University of California, Hastings College of the Law is in San Francisco, California. Its most famous alumnus is Vice President Kamala Harris.
Earlier this week, UC Hastings hosted what was supposed to be a discussion between two professors on the opportunities afforded by Associate Supreme Court Justice Stephen Breyer's recent vacancy. The college's chapter of the Federalist Society, a conservative legal group, organized the event, which featured Rory Little, a UC Hastings law professor representing the liberal viewpoint, and Ilya Shapiro, executive director of Georgetown University's Constitution Center, representing the libertarian right.
The discussion did not take place. Several dozen student protesters affiliated with the campus's Black Law Students Association (BLSA) drowned out Shapiro whenever he tried to speak, interrupting the event for its entire planned hour. Administrators' repeated pleas to let the discussion proceed were ignored by the activists, who chanted "Black Lives Matter" over and over again until Shapiro eventually gave up.
The students had deemed Shapiro an illegitimate speaker due to controversial comments he made a little more than a month ago about President Joe Biden's commitment to nominating a black woman to the Supreme Court. In late January, Shapiro tweeted that he believed Biden's pledge to nominate at least in part based on race and gender would preclude him from selecting the most qualified liberal jurist, Sri Srinivasan. He used the unfortunate phrase "lesser black woman" to describe a theoretical Biden pick; Shapiro later clarified that he did not mean to suggest black women were in any way lesser, but rather that Srinivasan—an Indian man—was the most qualified progressive judge of all.
"I regret my poor choice of words, which undermine my message that no one should be discriminated against for his or her gender or skin color," he told Reason at the time.
Shapiro made a full apology to everyone hurt by his regrettable phrasing. But Georgetown opted to place him on leave pending an investigation. (It had been his first week on the job; Shapiro previously worked as a vice president at the Cato Institute, a libertarian think tank.)
The Foundation for Individual Rights in Education (FIRE) has criticized the suspension, noting that it violates the university's commitment to the principles of academic freedom.
"When it comes to protected speech, there is nothing to investigate," wrote FIRE in a statement.
A great number of voices on the right, left, and center have all reached the same conclusion: The New York Times' Nikole Hannah-Jones and Michelle Goldberg; The Atlantic's Adam Serwer; Common Sense Substacker Bari Weiss; The Volokh Conspiracy's Eugene Volokh (hosted by Reason); and many others.
The Federalist Society had secured Shapiro's participation in the UC Hastings event prior to the controversy. The BSLA learned about it just a day before it was scheduled to occur, but this gave them plenty of time to show up in full force and shut it down.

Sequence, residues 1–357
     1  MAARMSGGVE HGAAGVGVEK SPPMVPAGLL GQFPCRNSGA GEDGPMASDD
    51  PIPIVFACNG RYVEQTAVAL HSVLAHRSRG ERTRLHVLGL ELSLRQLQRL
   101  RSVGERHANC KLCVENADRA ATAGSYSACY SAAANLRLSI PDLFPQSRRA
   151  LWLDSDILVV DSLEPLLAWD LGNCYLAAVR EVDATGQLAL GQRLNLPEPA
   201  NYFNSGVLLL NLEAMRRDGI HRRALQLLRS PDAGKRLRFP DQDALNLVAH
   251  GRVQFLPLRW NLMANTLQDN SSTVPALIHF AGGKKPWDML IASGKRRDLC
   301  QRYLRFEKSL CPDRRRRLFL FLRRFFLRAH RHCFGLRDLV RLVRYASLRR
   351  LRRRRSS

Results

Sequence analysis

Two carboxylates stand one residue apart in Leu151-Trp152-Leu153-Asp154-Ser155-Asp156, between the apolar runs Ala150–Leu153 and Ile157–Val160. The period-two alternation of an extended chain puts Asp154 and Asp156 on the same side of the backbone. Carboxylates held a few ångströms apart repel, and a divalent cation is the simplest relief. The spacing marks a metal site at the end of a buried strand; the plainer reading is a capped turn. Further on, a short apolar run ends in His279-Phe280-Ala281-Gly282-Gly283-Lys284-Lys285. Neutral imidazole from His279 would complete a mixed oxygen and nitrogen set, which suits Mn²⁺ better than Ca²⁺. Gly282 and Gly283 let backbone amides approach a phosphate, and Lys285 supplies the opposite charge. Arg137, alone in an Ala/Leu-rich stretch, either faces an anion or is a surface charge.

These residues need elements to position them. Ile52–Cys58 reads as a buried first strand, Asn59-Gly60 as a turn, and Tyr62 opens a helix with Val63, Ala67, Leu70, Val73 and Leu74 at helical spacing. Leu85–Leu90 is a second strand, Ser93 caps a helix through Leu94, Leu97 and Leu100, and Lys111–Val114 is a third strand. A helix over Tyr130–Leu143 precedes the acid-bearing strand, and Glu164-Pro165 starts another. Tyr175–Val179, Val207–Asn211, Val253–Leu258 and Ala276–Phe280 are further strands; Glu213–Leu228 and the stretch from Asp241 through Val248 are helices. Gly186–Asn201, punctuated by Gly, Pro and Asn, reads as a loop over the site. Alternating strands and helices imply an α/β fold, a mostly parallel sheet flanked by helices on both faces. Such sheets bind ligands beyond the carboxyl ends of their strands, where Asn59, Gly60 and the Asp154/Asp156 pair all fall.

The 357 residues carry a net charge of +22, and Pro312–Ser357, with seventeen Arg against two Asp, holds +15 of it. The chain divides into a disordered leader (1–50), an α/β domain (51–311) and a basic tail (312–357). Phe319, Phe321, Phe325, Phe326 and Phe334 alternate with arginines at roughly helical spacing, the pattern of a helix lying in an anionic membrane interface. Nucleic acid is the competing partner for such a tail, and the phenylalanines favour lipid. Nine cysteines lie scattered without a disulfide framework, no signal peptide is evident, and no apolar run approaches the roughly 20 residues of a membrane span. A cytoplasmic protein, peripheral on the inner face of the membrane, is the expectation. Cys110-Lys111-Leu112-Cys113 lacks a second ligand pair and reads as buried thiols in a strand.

Students mockingly chant "say it to her face, coward" as a number of activists confront Shapiro directly at the speaker podium. One actually gets in his face: https://t.co/YHFLeLsLfY pic.twitter.com/oO8XHRXGL7
— Nate Hochman (@njhochman) March 2, 2022
As National Review's Nate Hochman notes, the students also released a list of further demands that include mandatory, intensive training in "critical race theory" for both faculty and students.
At one point, Morris Ratner—UC Hastings' dean of academics—attempted to quiet the students. He commended their passion and said they were welcome to protest with signs, but asked them to allow the event to actually proceed, per the college's free speech policies.
"Free speech, including the right to do the form of expression I see on these signs, is a key right that we are required to uphold," said Ratner. "I applaud those of you who want to express your views. There is a way to do that consistent with our institutional codes and norms." The students then interrupted and loudly booed him.
"We have a Q&A portion here," Ratner continued. "I know Professor Little intends to directly address and confront our speaker on some of the views that he has expressed, and there is a Q&A built in." The students refused to heed this advice.
"It's too bad that a heckler's veto prevailed here, but I'd welcome the opportunity to return to Hastings—or anywhere else—to discuss the Supreme Court, constitutional law, and other areas where I may have expertise," Shapiro tells Reason.
UC Hastings put out a statement reaffirming its commitment to free speech and noting that the protesters had violated the student code.
"Disrupting an event to prevent a speaker from being heard is a violation of our policies and norms, including the Code of Student Conduct and Discipline, Section 107 ('Harmful Acts and Disturbances'), which the College will—indeed, must—enforce," said Ratner in a statement.
I pressed Ratner for more details about what kind of action would be taken, but the college declined to comment further.
Law students should have a greater appreciation for spirited and open engagement with provocative ideas than other progressive student activists, but this was obviously not the case at UC Hastings.
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